(If you must buy something packaged, pick metal or cardboard containers which you, of course, must recycle. Plastic is strictly forbidden.)
2. Go Vegan
That’s no dairy, no eggs and no meat for the day. Discover how nutritious and great plant-based foods taste and make you feel!
Keep in mind that butter and milk are in a lot of processed or cooked foods so read all the tags, ask questions at restaurants and dare to be “difficult” if you need to be. Indian, Thai and Mediterranean restaurants often offer good vegan choices.
(Yes, thank goodness wine is vegan, so go ahead and have that glass)
3. Share transport, bike or walk
Leave your car at home and take a ride with a colleague, friend or the local bus. Or better yet; walk or bike if distance and bike lanes allow.
4. Skip the shower
Save some water and lots of chemicals from going down the drain by skipping the shower. I’m sure you can “make it” another day without… You might end up getting a new creative hairdo out of it! ;)
5. Plant a Tree
If you’re feeling lazy and the four above are daunting – start with something simple like supporting a non-profit that benefits the planet! My favorite is Stand for Trees. For every 10 dollars you spend, you compensate 1 tonne of co2, support a forest community and they won’t offer a tacky gift or ask for your home address – no risk for spammy snail mail.
If we all did these thing everyday, imagine the cooling effect it would have on our climate! But for now, I am just challenging you to attempt them all, as well as you can, on Friday – I know y’all like small steps.
Just like me, Aimee, the voice behind Tomorrow Living, is blogging all things eco, ethical, conscious and awesome. She decided this spring to showcase some of her favorite ethical fashion bloggers, instagrammers and fashionistas from all walks of life to demonstrate the sheer variety of “Ethical Fashion” that is out there, because conscious, green fashion is as diverse as the people who choose to wear it.
I was also asked whatmy top tip for more conscious, green and sustainable living is. That is such a relevant and great question to ask any eco-blogger! I have to share my answer here too, because I think it came out really well:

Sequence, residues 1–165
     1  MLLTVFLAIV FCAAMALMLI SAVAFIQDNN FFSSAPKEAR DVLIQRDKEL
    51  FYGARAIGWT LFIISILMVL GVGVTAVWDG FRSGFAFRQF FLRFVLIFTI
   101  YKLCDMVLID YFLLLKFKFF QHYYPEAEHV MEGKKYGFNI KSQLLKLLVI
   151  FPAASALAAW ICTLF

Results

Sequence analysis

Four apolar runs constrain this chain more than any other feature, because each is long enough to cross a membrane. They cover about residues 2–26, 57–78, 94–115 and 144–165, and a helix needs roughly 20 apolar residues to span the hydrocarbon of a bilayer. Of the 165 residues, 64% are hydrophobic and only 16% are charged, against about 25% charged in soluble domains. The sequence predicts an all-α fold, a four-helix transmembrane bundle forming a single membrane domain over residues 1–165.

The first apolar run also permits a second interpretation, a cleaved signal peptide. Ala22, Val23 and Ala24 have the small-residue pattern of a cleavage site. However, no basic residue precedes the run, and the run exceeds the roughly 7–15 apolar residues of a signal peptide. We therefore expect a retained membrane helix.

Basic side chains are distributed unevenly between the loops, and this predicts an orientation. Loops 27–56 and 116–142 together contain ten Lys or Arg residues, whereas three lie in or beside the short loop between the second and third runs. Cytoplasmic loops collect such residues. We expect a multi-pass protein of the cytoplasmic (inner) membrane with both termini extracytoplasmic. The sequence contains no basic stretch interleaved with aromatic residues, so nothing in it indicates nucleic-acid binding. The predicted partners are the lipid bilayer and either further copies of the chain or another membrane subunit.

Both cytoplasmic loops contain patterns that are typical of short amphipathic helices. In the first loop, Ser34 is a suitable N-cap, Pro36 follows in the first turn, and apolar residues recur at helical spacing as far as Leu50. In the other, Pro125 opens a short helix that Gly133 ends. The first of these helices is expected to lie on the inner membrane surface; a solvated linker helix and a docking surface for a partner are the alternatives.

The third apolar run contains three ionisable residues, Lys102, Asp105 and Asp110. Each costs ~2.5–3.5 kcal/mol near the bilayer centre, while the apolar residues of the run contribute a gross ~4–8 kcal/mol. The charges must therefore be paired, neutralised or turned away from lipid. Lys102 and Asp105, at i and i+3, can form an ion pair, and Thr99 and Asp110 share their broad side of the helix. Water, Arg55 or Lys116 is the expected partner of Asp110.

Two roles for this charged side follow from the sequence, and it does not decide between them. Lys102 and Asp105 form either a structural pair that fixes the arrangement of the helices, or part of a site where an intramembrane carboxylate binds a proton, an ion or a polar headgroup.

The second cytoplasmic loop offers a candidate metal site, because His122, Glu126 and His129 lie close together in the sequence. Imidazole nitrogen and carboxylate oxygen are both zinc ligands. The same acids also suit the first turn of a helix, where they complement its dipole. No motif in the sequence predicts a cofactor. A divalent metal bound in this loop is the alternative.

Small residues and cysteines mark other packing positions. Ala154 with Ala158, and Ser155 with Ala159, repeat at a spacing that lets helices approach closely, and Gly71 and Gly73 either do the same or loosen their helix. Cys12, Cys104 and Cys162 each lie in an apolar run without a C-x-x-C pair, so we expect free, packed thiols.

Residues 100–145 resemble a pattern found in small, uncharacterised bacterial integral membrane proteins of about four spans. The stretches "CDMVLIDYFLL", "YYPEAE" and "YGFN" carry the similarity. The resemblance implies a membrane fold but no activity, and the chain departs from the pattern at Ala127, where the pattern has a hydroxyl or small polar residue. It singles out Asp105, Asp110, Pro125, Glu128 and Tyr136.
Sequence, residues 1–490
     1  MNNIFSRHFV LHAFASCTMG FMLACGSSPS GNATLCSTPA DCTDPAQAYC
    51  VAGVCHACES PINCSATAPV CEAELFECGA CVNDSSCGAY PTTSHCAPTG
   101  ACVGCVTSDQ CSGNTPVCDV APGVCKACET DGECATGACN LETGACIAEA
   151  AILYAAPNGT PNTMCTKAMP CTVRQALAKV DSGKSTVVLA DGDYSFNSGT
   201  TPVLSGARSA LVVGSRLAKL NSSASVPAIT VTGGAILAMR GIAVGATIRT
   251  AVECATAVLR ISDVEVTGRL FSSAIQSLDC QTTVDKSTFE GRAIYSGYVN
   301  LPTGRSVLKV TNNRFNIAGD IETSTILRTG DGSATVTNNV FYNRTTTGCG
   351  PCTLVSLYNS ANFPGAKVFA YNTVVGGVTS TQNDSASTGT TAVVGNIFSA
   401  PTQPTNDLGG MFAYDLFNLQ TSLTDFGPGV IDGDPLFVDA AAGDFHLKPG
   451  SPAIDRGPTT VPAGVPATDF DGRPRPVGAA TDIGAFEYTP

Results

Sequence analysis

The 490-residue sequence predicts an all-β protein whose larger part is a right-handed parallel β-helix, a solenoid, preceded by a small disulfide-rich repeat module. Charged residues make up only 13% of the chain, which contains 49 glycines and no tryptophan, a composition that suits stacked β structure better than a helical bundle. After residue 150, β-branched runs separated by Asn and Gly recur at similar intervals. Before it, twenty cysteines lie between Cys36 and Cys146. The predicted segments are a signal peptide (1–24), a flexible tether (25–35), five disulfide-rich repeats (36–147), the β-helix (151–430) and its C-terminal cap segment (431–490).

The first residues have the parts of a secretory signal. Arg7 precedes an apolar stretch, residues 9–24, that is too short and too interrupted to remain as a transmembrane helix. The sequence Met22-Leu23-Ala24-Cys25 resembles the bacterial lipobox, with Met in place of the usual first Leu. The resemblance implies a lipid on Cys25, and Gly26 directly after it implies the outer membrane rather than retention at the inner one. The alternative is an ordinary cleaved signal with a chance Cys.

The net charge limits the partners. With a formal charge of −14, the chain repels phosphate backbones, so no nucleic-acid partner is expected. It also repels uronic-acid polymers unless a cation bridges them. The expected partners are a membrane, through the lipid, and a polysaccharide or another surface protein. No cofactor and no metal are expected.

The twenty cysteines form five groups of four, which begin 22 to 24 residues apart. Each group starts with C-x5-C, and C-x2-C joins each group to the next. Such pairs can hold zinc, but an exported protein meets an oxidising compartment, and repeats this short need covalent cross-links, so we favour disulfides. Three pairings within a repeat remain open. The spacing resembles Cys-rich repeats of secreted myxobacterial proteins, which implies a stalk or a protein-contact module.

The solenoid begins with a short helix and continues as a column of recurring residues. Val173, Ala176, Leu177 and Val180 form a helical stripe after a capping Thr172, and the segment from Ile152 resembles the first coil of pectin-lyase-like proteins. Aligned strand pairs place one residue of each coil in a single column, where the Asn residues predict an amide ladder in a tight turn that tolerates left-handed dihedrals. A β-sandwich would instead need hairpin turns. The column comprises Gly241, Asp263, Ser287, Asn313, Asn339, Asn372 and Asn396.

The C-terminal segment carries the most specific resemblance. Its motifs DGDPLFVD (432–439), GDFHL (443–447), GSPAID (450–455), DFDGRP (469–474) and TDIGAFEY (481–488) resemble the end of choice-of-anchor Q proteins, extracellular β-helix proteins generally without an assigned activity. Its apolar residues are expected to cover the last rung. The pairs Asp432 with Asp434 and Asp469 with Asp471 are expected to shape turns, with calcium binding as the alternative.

For more conscious living, the thing to do is to take a long, hard look at how you live, what you eat, what you buy and then try to answer the question of why you choose what you choose. That may sound like a difficult thing to do, but I think all change has to start with self-awareness. People tend to have a perception of themselves as “sort of green” and they honestly believe that to be true, all while eating a cheeseburger and drinking soda from a disposable Styrofoam cup after another quick shopping trip (in their SUV) to Wal-Mart & the Gap.
That said, my tip would be to sign up to follow a few eco-blogs, get a vegan recipe app (“Forks over Knives” is great!) and to follow a few zero waste instagram accounts. It’s a great way to be inspired to make better choices, create awareness and to get the latest updates on cool, ethical products, without having to do any research yourself!
Another part of the deal was that I got to pick one of my favorite outfits to show off and explain why I love it and how it represents ethical and sustainable fashion.
PS. You might want to check out the first post in the series too, which featured Sarah of Plum and Plaid, who is all about second-hand finds, hand-me-downs, upcycling and spectacular vintage treasures. I’ve been following her blog for a while and I was excited to read more about her and her thrifting genius! :)
According to a recent study, 9 out of 10 Americans believe the wealth of this country should be distributed like this:
The ones who work hard deserve to have more than the ones who don’t. And it’s ok that a few of us have quite a bit more than others; that’s the incentive to strive for the “American Dream”. Yet, people say that the wealth must be distributed in such a way, that everyone can make a living and sustain a healthy life for themselves and their families.
The reality of the situation is quite different. 1% of the population in the USA owns 40% of the country’s wealth. That means that the richest 1% has a whopping 21.6 trillion dollars. Here’s what the graph of America’s wealth looks like in reality:
So who do we find lurking among the richest 1%? Well, to name a few, we’ve got the Walton Family of Wal-Mart, Jeff Bezos of Amazon, cool folks like Bill Gates and Elon Musk, many dot com founders, the owners of food corporations like Mars, quite a few investment and hedge-fund bankers and last but not least, not so cool people like the Koch Brothers (oil and gas moguls working hard to kill the planet while getting richer) and Donald Trump.
Using statistics is a great way to create awareness, but it shouldn’t just amount to a shoulder shrug and depressed thoughts of what a terrible, “unfair” world we live in. It needs to do more than that. Don’t use it to get mad and blame the branches of government for not doing the “right thing” either; what’s past is past. Instead, use it as inspiration to make a personal change.
Ask yourself; what can I do to help correct this injustice?
In addition to using your right to vote and help climate-friendly Mr. Sanders (the only candidate not in cahoots with the 1%) win the nomination AND election this year, there are actually a few easy things you can do and start doing right now!